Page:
Many simple actions in our daily life, for example, picking up a cup dropped on the floor, are not as simple, in terms of neuroscience, as they seem when conducting. They are in fact complex combinations of different signals emitted by nerve fibres that transfer sensory information to our brain. The way peppers make our tongues tremble is to selectively stimulate specific nerve fibre, the smallest unit of sensory, located on our tongue.
All feelings are transmitted to the brain through electric-pulse signals produced by cells, and the brain’s different interpretations of these signals converge to produce a recognisable feeling-a flavour. Our little taste buds, spread all over the tongue, aretaste receptors, cells reacting to flavour compounds in food. Traditionally, there are four basic tastes including sweet, bitter, sour and salty. But some tastes such as savoury, and debatably, fat, are caused by other feelings, not just flavour.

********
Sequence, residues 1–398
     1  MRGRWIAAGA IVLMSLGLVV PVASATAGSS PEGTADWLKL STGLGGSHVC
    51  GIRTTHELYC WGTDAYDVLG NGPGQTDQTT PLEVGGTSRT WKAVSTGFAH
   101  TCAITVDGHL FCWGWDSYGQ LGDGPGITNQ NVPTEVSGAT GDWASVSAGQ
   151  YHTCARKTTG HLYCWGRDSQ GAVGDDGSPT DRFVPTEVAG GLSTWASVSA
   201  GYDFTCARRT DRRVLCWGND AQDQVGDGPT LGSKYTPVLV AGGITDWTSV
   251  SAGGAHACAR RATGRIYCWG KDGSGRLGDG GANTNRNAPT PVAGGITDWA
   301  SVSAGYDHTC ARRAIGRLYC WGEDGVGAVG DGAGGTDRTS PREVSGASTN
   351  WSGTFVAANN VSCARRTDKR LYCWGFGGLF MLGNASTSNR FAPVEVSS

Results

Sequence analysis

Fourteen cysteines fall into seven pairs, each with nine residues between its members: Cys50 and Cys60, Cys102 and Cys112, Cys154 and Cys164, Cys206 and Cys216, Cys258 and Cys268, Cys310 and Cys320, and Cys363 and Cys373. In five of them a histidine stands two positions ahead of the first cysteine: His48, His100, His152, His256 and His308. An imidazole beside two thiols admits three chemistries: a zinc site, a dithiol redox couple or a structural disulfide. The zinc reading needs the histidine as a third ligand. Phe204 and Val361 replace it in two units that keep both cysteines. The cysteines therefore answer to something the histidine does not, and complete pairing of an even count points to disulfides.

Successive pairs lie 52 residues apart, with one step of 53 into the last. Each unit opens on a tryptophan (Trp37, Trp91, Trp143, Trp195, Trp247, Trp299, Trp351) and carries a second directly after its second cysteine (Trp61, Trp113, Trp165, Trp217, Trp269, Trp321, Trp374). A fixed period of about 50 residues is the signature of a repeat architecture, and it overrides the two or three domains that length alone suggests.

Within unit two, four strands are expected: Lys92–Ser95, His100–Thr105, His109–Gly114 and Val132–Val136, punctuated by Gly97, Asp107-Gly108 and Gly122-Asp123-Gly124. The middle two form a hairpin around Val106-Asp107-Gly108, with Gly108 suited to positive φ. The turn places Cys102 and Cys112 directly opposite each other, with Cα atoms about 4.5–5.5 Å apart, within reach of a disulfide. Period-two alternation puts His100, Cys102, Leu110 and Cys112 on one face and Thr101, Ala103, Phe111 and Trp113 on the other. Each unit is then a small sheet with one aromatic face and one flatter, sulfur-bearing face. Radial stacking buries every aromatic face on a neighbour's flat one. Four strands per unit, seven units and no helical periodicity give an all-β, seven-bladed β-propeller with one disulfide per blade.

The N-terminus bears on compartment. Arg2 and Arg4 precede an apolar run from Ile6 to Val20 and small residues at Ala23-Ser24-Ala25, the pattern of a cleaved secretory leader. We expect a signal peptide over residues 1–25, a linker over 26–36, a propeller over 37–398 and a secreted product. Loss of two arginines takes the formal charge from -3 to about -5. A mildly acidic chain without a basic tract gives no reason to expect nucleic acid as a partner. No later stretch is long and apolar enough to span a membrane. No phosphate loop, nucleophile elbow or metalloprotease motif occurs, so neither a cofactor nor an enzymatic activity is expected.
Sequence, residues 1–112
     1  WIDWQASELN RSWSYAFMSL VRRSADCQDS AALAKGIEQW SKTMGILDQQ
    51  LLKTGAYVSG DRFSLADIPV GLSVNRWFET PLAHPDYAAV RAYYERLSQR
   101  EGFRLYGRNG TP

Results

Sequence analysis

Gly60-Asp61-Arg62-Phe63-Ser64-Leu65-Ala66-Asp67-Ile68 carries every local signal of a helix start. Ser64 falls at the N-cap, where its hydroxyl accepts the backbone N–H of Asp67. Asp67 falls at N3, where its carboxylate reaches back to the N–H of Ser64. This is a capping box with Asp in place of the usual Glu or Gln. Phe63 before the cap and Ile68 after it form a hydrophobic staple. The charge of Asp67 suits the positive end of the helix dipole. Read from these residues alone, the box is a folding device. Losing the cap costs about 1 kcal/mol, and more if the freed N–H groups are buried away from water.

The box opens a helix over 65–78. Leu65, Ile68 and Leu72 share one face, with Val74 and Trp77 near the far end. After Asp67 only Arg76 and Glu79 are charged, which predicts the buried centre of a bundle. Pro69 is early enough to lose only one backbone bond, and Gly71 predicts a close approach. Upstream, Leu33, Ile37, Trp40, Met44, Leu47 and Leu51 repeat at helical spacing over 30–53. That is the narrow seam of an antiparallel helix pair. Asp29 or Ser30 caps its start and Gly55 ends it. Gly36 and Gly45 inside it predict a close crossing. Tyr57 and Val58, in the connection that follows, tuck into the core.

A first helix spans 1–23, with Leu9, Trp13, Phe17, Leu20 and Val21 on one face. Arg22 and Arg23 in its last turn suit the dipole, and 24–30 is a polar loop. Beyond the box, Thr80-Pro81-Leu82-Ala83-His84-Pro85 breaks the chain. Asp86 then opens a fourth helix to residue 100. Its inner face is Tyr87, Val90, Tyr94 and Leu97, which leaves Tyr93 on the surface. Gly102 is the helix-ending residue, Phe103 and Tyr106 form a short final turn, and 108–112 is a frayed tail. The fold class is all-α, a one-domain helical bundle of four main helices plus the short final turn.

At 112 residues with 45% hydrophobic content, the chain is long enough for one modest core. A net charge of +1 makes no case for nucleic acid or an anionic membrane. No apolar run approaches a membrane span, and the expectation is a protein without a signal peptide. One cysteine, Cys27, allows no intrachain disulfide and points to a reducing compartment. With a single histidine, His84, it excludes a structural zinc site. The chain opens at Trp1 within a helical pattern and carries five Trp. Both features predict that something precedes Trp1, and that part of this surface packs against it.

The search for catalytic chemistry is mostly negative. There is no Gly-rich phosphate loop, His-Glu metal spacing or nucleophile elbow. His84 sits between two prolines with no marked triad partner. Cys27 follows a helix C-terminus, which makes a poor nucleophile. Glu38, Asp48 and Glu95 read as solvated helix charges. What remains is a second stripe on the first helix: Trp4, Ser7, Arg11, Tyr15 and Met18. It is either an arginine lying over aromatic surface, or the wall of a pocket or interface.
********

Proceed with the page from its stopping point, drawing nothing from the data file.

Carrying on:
In fact, “taste” is a single sensation that composed by taste, smell and the touch of a food. This combination of qualities happens because all sensory information spring from a common region. On the roof of the mouth and the tongue, there are many taste buds, which contain the flavour recognising cell. They can be activated when we are eating or sipping. At the same time, the sensory cells that are located along with the taste cells, allow us to feel qualities such as temperature and spiciness.